In the professional settings in which we work, and particularly in high-risk environments like health care, nuclear engineering and aviation, it is not enough to address problems on their own or work through them one at a time without an eye toward improvement. Instead, it is necessary to solve difficulties within a larger context, and that’s where systems thinking comes in. Popularized by Peter Senge of MIT, systems thinking is a way to view organizations by taking a broad perspective that intersects structures, patterns, and events. Information professionals can learn how to avoid unintended consequences and leverage expertise by developing systems thinking capacities. Session participants will apply diagnostic techniques like the 5 Whys and archetype identification as avenues for navigating systemic influences within the librarian’s sphere to ensure effective services.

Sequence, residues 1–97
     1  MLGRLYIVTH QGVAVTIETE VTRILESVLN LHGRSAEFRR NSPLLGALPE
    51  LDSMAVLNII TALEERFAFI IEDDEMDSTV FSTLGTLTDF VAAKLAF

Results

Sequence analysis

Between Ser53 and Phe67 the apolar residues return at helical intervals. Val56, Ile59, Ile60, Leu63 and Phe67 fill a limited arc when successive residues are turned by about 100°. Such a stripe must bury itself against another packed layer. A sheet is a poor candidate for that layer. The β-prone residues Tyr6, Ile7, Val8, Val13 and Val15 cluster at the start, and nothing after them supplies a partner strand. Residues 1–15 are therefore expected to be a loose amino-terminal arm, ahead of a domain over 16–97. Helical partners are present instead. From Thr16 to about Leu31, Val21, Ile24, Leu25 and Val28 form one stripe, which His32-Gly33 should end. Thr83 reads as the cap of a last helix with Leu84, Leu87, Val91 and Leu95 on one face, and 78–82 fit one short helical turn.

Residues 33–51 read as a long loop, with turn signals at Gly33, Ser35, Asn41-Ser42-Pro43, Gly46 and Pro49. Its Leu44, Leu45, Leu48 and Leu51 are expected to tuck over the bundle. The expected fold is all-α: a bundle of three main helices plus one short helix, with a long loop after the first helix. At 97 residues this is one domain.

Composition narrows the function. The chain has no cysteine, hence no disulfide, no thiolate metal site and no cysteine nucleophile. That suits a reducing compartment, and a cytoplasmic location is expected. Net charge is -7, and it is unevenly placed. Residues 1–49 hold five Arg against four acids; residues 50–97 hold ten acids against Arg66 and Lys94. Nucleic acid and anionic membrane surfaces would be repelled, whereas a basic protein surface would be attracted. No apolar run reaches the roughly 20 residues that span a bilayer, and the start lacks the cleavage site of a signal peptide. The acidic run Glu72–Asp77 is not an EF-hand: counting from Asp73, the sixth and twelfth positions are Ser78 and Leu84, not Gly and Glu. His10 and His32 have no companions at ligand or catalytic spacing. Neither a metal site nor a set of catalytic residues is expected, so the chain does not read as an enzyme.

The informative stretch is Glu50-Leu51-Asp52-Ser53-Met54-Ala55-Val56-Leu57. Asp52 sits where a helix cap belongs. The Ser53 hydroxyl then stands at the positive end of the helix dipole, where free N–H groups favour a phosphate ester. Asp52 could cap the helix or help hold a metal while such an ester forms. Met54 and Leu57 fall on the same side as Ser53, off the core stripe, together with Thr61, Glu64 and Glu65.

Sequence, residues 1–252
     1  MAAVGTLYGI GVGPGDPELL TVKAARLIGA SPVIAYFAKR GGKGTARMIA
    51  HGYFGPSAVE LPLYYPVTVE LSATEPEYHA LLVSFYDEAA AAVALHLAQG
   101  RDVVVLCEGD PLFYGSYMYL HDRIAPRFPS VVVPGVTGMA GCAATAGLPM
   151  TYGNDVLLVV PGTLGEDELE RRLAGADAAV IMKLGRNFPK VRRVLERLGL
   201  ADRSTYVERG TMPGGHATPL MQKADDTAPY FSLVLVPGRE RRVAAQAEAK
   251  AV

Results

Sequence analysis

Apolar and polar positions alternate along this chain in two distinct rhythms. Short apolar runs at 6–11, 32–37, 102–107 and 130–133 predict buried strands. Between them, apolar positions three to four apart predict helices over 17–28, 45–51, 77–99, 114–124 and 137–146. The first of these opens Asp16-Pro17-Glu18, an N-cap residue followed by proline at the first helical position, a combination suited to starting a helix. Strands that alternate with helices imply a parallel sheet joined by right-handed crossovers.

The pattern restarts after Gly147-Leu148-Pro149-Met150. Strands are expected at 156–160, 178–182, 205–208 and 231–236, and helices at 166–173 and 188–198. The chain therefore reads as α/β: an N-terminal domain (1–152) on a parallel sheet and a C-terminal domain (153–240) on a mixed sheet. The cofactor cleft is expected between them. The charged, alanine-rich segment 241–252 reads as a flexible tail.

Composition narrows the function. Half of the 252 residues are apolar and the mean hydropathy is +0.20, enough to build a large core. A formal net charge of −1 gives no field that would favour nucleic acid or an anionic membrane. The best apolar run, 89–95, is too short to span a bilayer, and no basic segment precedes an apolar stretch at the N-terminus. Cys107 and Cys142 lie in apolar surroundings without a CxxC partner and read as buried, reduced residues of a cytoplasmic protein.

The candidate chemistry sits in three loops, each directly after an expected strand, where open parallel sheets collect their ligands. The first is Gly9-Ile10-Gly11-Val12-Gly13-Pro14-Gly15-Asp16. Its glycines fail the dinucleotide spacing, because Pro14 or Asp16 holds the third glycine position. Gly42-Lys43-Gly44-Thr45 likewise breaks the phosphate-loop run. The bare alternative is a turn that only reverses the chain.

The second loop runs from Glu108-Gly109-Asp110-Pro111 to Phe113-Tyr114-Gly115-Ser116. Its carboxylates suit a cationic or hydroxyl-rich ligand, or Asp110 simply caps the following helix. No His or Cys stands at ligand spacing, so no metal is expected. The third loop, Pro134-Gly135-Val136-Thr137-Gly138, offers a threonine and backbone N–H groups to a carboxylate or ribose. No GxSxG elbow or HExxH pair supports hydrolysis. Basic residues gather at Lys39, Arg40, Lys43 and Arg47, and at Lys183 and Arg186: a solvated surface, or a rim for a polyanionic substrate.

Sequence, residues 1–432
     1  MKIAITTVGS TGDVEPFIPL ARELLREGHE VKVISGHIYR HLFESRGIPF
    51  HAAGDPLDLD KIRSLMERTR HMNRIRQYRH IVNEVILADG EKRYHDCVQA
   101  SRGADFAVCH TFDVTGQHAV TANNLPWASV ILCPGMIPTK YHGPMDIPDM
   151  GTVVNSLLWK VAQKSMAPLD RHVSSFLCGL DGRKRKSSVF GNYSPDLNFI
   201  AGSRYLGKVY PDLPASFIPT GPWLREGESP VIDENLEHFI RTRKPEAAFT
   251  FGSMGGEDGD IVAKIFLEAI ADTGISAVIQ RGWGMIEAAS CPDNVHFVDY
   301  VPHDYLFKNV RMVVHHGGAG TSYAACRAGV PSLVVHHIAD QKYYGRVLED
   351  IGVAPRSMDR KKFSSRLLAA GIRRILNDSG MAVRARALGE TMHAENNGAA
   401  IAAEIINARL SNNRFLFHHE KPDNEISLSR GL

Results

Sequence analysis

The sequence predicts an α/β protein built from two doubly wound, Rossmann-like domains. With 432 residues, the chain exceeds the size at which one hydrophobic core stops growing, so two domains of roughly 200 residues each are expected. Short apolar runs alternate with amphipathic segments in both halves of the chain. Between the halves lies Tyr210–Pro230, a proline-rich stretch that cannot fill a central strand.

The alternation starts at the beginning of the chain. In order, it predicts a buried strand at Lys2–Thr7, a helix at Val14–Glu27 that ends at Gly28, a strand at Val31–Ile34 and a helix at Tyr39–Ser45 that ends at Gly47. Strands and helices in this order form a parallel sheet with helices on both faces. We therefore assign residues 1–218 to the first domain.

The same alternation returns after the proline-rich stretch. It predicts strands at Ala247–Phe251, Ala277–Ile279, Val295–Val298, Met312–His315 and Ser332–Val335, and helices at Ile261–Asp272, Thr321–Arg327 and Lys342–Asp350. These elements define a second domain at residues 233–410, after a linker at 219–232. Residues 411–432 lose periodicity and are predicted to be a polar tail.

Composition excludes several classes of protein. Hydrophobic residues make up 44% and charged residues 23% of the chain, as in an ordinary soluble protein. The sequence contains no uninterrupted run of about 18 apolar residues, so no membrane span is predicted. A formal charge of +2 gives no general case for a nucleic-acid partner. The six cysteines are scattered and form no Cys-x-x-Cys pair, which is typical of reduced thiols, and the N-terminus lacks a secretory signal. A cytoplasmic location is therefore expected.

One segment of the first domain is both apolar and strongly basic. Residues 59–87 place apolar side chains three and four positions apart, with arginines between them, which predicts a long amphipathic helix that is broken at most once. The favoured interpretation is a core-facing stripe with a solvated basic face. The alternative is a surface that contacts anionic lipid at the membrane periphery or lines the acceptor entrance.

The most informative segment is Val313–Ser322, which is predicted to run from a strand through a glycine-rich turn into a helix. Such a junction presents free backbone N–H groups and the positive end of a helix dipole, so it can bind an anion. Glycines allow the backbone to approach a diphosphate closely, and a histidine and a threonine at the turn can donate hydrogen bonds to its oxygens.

Presentation Handouts: https://www.sla.org/wp-content/uploads/2013/05/SystemsThinkinginLibraries_Tompson.pdf